Democracy and Power Diffusion


Prof. Dr. Adrian Vatter

(Former) Collaborator

Dr. Julian Bernauer


The project, running since 2012, studies the character of democracy. The political-institutional setup of democracy varies with respect to the diffusion of power, affecting all of the behavior of political actors as well as the performance and legitimacy of political systems.

The main goals of the project are:

1.    A deep theoretical foundation of the concept of power diffusion
2.    An encompassing, up-to-date analysis of empirical patterns of democracy, covering its determinants and consequences as well

The theoretical discussion of power diffusion draws on the concepts of proportional (consensual) and majoritarian democracy, presidentialism and parliamentarism, centralization and decentralization as well as direct and representative democracy. These are fused into a multi-dimensional concept of power diffusion, which integrates the political-institutional variety as well as interrelations between political-institutional features. Based on a combination of institutionalist and deliberative approaches, a theoretical connection between the degree of power diffusion, the behavior of political actors and the performance and legitimacy of democracy are made. The empirical investigations cover these research questions:

  • Where are countries placed on a map of power diffusion?
  • How can we explain levels of power diffusion?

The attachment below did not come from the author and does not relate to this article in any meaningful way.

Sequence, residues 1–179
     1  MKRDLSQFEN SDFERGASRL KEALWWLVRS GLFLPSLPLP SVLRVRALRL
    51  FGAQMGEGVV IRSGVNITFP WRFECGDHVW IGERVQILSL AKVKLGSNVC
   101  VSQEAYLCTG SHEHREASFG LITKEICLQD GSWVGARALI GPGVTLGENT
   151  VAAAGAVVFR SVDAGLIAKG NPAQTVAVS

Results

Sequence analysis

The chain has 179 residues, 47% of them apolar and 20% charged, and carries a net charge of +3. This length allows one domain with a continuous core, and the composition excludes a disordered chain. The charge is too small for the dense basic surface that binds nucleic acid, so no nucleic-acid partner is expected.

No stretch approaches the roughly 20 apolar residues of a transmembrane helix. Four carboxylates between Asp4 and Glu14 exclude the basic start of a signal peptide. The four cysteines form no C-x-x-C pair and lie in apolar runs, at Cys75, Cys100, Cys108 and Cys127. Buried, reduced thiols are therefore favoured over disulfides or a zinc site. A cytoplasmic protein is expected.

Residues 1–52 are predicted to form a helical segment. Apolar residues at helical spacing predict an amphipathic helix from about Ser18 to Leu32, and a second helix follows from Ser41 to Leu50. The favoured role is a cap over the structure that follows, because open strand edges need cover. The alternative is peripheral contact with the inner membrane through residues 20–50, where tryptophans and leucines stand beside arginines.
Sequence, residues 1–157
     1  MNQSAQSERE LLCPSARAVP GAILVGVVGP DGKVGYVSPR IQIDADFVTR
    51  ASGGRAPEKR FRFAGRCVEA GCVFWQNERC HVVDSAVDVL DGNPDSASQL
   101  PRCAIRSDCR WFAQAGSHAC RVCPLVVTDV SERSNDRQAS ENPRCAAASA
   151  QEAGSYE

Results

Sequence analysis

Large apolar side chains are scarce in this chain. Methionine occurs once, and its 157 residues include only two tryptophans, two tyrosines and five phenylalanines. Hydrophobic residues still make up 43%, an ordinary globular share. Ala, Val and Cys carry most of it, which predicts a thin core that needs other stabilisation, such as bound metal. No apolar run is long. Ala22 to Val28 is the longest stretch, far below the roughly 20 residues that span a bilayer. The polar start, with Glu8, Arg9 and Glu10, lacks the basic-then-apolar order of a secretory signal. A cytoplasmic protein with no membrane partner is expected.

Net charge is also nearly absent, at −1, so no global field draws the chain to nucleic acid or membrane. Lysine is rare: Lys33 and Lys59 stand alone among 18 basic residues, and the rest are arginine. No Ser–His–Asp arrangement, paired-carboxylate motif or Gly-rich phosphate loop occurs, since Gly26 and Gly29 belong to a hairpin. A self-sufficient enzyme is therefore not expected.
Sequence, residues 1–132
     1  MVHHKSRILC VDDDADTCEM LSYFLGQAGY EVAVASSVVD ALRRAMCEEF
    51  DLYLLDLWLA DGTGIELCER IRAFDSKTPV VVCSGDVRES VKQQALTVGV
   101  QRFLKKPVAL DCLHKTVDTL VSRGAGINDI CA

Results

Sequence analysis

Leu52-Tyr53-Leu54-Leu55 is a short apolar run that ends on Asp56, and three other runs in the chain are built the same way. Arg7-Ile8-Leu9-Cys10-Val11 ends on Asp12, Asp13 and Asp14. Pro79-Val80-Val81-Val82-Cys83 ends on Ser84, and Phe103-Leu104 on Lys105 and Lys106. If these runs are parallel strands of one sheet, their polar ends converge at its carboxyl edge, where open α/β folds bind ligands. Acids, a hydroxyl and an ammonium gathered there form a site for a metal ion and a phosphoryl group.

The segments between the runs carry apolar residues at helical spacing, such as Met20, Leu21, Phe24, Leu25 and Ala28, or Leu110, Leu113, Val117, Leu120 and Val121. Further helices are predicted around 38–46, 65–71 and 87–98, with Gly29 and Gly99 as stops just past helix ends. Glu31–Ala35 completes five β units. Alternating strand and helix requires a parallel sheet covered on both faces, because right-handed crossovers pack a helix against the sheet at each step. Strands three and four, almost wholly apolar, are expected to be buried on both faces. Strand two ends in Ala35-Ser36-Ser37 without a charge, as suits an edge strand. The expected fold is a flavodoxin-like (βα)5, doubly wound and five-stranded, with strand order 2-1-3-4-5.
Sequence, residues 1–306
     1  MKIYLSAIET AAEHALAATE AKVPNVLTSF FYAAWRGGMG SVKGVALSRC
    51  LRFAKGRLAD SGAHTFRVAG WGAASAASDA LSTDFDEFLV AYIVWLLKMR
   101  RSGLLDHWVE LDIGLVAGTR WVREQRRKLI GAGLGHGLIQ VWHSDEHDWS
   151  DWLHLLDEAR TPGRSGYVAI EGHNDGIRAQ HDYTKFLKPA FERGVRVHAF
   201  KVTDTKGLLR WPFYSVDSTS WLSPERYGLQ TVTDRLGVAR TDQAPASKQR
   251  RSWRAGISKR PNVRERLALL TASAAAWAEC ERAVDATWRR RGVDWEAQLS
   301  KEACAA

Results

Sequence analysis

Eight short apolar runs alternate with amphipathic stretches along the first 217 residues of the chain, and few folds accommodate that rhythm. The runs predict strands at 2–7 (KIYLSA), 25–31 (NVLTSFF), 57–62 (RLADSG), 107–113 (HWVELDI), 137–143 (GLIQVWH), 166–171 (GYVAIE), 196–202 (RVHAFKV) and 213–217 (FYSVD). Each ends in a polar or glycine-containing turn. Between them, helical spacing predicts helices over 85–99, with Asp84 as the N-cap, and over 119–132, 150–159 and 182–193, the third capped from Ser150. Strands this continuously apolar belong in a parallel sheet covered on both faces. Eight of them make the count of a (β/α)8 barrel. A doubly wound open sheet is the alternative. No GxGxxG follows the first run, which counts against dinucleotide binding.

• Do democracies converge towards a certain model of power diffusion?
  • How does power diffusion affect the performance and legitimacy of democracy?
  • Can we also detect patterns of power diffusion at the subnational level?

The planned result of the project is a book publication as well as a number of research articles. One contribution on the way to answering the research questions is the establishment of a comprehensive data set covering 61 countries and the period between 1990 and 2015 will be compiled and evaluated. These data are available for scientific purposed. Special attention is paid to the measurement of patterns of democracy as well as the modelling of its explanations and consequences. Measurement modelling appropriate to capture the concept of latent power diffusion is used, and generally a unified statistical approach, which accommodates aspects such as the non-random selection of cases, hierarchical data structures as well as spatial dependencies.


In May 2019, the associated monograph «Power Diffusion and Democracy. Institutions, Deliberation and Outcomes» has been published by Cambridge University Press.


  • Bernauer, Julian und Adrian Vatter. 2019. Power Diffusion and Democracy. Institutions, Deliberation and Outcomes. Cambridge: Cambridge University Press.
  • Bernauer, Julian und Adrian Vatter. 2017. Conflict, Choice or Geography? Explaining Patterns of Democracy in Continental Europe. European Journal of Political Research 56(2): 251–278.
  • Bernauer, Julian, Adrian Vatter und Nathalie Giger. 2014. New Patterns of Democracy in the Countries of the Comparative Study of Electoral Systems 2. S. 20–37. In Elections and Representative Democracy. Representation and Accountability, hrsg. v. Jacques Thomassen. Oxford: Oxford University Press.
  • Vatter, Adrian, Matthew Flinders und Julian Bernauer. 2014. A Global Trend towards Democratic Convergence? A Lijphartian Analysis of Advanced Democracies. Comparative Political Studies 47(6): 903–29.
  • Bernauer, Julian und Adrian Vatter. 2012. Can’t Get No Satisfaction with the Westminster Model? Winners, Loser, and the Effects of Consensual and Direct Democratic Institutions on Satisfaction with Democracy. European Journal of Political Research 51(4): 435–68.
  • Vatter, Adrian und Julian Bernauer. 2009. The Missing Dimension of Democracy. Institutional Patterns in 25 EU Member States between 1997 and 2006. European Union Politics 10(3): 335–59.